Milo Yiannopoulos, tech editor at Breitbart (and all-around flamboyant advocate for free speech), has launched a speaking tour of college campuses, and it’s been an interesting go so far. He spoke at Rutgers on 10 February. Afterward, students were offered therapy to help them recuperate from their trauma.
Breitbart’s Allum Bokhari summarizes reporting from Rutgers’s Daily Targum:
According to the paper, students and faculty members held a wound-licking gathering at a cultural center on campus, where students described “feeling scared, hurt, and discriminated against.”
“A variety of different organizations and departments were present to listen, answer questions and show support” to the apparently weak and vulnerable students, who just a few days prior had disrupted Yiannopoulos’ event by smearing fake blood on their faces and chanting protest slogans.
One student at the event told the Targum that they “broke down crying” after the event, while another reported that he felt “scared to walk around campus the next day.” According to the report, “many others” said they felt “unsafe” at the event and on campus afterwards.
“It is upsetting that my mental health is not cared about by the University,” said one student at the event. “I do not know what else to do for us to be heard for us to be cared about. I deserve an apology, everyone in this room deserves an apology.”
A number of organizations were at the event to offer support to the poor, traumatised students. These included Psychiatric Services, the Office for Violence Prevention and Victim Assistance, and the Rutgers University Police.
What fell communications did slip from Mr. Yiannopoulos’s lips to set this drama in motion?
The Daily Targum reported on the event, apparently before becoming aware of the hysterical reaction brewing.
Yiannopoulos, tech editor at Breitbart.com and an outspoken free-speech advocate, came to the University to speak about how the Progressive Left was destroying higher education in America.
He said the Progressive Left, which includes third-wave intersectional feminism and the Black Lives Matter movement, seeks to crush academic discourse at its root.
“These people do not believe in the free open exchange of ideas. They do not believe in intellectual inquiry, in full open frank discussion of ideas,” he said. “They don’t believe in the basis of classical liberalism, which is one of the founding principles of our civilization.”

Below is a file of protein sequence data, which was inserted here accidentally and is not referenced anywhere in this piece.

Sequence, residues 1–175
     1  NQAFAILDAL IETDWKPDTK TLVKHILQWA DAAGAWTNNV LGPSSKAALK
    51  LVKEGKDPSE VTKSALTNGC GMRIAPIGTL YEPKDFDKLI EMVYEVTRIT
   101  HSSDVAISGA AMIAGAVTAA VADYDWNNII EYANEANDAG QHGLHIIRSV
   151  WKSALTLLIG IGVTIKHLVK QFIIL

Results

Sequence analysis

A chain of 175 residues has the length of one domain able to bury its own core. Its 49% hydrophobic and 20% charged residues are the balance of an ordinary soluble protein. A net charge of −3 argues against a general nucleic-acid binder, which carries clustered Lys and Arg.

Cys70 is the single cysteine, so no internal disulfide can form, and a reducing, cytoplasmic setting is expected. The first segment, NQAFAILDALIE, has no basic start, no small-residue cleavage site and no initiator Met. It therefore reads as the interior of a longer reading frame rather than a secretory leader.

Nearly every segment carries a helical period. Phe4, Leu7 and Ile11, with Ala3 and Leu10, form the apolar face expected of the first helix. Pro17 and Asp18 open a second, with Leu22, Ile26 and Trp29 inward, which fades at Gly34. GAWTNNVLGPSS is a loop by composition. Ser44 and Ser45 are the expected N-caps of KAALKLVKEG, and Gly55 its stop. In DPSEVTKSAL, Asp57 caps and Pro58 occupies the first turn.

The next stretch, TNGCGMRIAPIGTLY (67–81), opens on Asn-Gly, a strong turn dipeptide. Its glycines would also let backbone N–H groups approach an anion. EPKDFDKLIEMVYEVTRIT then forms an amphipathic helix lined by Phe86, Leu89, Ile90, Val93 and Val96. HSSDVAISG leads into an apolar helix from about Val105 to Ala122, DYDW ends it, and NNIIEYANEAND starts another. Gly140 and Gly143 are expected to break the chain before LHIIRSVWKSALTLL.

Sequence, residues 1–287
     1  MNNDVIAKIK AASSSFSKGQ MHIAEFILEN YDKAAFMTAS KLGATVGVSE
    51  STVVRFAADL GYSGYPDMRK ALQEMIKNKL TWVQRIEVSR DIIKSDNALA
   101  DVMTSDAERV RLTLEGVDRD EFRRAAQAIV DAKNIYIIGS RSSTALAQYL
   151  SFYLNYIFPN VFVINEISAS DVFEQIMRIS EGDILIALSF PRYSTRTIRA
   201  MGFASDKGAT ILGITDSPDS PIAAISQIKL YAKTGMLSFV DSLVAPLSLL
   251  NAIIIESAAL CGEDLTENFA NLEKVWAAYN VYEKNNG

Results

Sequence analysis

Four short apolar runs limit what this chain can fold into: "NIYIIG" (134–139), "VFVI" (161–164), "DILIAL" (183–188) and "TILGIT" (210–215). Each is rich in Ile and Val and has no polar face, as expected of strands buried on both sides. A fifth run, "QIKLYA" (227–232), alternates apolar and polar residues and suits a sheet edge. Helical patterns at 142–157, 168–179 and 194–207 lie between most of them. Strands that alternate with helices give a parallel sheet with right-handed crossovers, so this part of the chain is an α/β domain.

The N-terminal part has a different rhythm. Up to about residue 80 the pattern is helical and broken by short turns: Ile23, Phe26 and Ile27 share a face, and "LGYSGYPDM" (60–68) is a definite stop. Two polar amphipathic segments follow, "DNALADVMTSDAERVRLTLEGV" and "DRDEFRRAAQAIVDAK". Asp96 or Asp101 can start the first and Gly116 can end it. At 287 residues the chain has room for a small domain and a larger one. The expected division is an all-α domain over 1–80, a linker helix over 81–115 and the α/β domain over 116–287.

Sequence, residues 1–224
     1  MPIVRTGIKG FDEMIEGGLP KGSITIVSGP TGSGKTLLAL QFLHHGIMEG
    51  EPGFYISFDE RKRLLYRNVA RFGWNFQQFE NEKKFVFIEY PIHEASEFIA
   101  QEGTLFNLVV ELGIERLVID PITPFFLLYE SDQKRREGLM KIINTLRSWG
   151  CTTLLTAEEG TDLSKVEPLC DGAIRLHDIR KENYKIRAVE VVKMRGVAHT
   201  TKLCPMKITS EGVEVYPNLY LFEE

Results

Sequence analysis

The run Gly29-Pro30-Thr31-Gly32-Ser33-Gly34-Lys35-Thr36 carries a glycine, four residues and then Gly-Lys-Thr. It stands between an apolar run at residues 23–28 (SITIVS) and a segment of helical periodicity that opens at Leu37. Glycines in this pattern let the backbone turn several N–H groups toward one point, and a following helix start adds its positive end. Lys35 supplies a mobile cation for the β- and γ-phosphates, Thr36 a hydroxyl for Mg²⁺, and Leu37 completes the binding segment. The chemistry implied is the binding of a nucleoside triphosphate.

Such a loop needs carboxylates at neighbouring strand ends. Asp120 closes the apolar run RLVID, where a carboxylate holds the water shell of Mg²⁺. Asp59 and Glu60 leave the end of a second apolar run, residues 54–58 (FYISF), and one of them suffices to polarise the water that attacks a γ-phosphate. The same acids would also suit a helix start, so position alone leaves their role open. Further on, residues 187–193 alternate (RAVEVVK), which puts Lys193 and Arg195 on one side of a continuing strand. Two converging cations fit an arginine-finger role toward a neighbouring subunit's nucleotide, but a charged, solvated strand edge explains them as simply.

Yiannopoulos was trenchant, to be sure.
Yiannopoulos believes that offensive free speech is a driving force for progress.
“Offensive free speech is what gave women the right to vote. Offensive free speech is what Martin Luther King (Jr.) was doing. Offensive free speech got gay marriage,” Yiannopoulos said. “Standing up to the establishment and saying ‘f*** you guys’ has been the primary engine of progressive progress for decades.”
He’s not a fan of safe spaces and trigger warning requirements.
Among Yiannopoulos’s grievances were the spread of trigger warnings and safe spaces on college campuses.
“If you go to university and you want trigger warnings on your texts, and you want safe spaces to protect you from dissenting points of view, you have demonstrated to the world that you are incapable of fulfilling the requirements of your degree,” he said.
Plus, he used the “Overton Window” concept to frame part of his lecture, which the Daily Targum reporter writes as if he hasn’t heard of. Maybe that occult reference in itself was a source of shock and distress for student attendees.
Enough. This rank “crybully” nonsense is what students are being encouraged to, in the academic environment at too many universities. They don’t come up with this stuff themselves. They’re funneled and channeled into it by their “education,” its “therapeutic” probings, and the people who administer them.
The good news is that, according to the Daily Targum, much of the audience for Yiannopoulos’s lecture applauded him (and apparently seemed to survive contact, undismayed, with his shocking discourse).
One assumes that there is some reason Rutgers still manages to play Division I football at a respectable level, even though it keeps beclowning itself on these social and political matters. The presence of at least some students who can sit through a lecture on free speech without collapsing would be part of that reason.
The football boosters at Rutgers are getting their money’s worth. The alumni whose interests are in other aspects of the baccalaureate experience might want to take a hard look at whether they are.